Historical records matching Mary Lasker
About Mary Lasker
Mary Woodard Lasker (November 30, 1900 – February 21, 1994) was an American health activist and philanthropist. She worked to raise funds for medical research, and founded the Lasker Foundation.
Born in Watertown, Wisconsin, Lasker attended the University of Wisconsin, Madison and graduated from Radcliffe College with a major in Art History. Her mother, Sara Woodard, who was an active civic leader instilled upon her the values of urban beautification while growing up.
Lasker worked as an art dealer at Reinhardt Galleries in New York City. She married the owner Paul Reinhardt. After divorcing she created a fabric company Hollywood Patterns.
In 1938 she became the president of the Birth Control Federation of America, the precursor of the Planned Parenthood Federation.
Her second marriage was to Lord and Thomas advertising executive Albert Lasker until his death in the early 1950s of colon cancer. Ironically, her husband's ad agency had promoted smoking with the slogan, "L.S.M.F.T.—Lucky Strike Means Fine Tobacco" back when the dangers of smoking were not well known.
The Laskers supported National Health Insurance under Truman. After its failure the Mary Lasker saw research funding as the best way to promote public health.
With her Husband, they created the Lasker Foundation in 1942 to promote medical research. The Lasker Award is considered the most prestigious American award in medical research. Eighty-one Lasker laureates have received a Nobel Prize.
Together, they were the first to apply the power of modern advertising and promotion to fighting cancer. They joined the American Society for the Control of Cancer which at the time was sleepy and ineffectual and transformed it into the American Cancer Society. The Laskers ousted the board of directors. Afterwards, they raised then record amounts of money and directed much of it to research. The American Cancer Society also fought lung cancer through prevention via anti-smoking campaigns. Using TV equal-time provisions, they were able to counter cigarette advertising with their own message. The messages were effective enough that the tobacco companies voluntarily stopped advertising on TV to prevent their broadcast.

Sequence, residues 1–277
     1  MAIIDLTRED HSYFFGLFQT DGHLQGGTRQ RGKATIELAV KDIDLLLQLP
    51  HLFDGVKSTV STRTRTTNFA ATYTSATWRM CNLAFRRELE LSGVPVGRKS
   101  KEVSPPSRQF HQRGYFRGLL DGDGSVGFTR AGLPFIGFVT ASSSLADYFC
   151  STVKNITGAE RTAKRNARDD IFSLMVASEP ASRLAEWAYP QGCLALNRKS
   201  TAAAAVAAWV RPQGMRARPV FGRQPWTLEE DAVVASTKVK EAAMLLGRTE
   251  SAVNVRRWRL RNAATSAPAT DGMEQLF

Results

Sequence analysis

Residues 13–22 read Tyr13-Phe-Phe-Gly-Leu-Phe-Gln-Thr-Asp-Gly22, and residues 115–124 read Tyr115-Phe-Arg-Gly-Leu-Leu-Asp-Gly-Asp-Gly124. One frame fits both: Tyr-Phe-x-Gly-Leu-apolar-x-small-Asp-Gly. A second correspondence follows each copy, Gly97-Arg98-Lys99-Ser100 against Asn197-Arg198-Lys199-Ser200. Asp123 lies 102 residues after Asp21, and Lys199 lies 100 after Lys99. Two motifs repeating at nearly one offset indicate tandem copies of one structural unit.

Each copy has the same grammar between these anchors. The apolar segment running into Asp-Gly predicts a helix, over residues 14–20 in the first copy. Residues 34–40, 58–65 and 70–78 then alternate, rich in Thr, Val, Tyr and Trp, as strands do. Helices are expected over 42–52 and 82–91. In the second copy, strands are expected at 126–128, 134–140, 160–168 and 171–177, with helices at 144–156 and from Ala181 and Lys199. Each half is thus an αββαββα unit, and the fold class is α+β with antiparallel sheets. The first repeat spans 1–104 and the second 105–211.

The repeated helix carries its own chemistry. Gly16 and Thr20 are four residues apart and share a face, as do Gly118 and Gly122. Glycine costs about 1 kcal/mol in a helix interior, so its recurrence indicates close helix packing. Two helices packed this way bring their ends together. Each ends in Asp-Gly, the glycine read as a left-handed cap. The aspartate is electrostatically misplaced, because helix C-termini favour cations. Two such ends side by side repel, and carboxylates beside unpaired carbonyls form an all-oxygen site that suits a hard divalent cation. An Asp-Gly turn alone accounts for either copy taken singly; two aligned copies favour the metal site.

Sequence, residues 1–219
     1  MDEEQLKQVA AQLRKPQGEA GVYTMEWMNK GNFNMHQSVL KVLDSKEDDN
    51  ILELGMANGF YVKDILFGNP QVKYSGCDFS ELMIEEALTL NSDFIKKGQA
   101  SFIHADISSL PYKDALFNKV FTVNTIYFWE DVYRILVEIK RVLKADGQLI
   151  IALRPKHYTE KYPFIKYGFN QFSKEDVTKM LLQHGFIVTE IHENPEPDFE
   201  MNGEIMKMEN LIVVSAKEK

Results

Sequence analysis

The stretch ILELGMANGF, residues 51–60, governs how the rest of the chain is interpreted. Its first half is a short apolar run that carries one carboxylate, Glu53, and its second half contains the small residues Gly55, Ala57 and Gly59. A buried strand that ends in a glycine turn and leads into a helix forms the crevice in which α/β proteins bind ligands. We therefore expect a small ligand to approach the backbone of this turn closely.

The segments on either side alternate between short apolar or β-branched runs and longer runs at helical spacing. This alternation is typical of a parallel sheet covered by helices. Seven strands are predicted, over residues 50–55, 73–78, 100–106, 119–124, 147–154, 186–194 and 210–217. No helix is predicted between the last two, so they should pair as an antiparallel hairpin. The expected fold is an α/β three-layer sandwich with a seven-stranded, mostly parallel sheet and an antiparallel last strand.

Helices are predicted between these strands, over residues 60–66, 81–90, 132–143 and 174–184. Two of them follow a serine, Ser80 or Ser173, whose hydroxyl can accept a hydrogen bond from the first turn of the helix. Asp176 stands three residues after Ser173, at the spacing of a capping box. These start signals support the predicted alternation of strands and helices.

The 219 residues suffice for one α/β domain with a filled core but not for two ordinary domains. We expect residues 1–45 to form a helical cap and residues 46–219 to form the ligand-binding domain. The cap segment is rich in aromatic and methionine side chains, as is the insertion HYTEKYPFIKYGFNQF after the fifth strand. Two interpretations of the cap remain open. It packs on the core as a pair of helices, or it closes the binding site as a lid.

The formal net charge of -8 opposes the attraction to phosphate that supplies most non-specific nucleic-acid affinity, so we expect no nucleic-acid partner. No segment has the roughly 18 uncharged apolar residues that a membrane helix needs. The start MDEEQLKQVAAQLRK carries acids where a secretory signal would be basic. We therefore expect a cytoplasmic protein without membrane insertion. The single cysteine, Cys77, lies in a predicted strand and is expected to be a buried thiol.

Following her husband's death she founded the National Health Education Committee.
She played major roles in promoting and expanding the National Institutes of Health, helping its budget expand by a factor of 2000 times from $2.4 million in 1945 to $5.5 billion in 1985.
Lasker was prominent in helping Lyndon Johnson get Eleanor Roosevelt's endorsement to become the 1960 Democratic nominee. Lady Bird Johnson wrote about Lasker numerous times in her book A White House Diary, calling her house "charming ... like a setting for jewels" and thanking her for gifts of daffodil bulbs for parkways along the Potomac River and for thousands of azalea bushes, flowering dogwood and other plants to put along Pennsylvania Avenue.
Lasker was also instrumental in getting the US government to fund the War on Cancer in 1971.
Awards and recognition
Mary Lasker is a recipient of the Presidential Medal of Freedom in 1969, the Four Freedoms Award 1987 and the Congressional Gold Medal in 1989. The Mary Woodard Lasker Award for Public Service was renamed in her honour in 2000. On May 14, 2009 the United States Postal Service honored Lasker with the issuance of a stamp of face value 78 cents, designed by Mark Summers. The stamp was released, in part, as recognition of a renewed US government commitment to funding of biomedical research. A release ceremony was held in Lasker's hometown on May 15, 2009.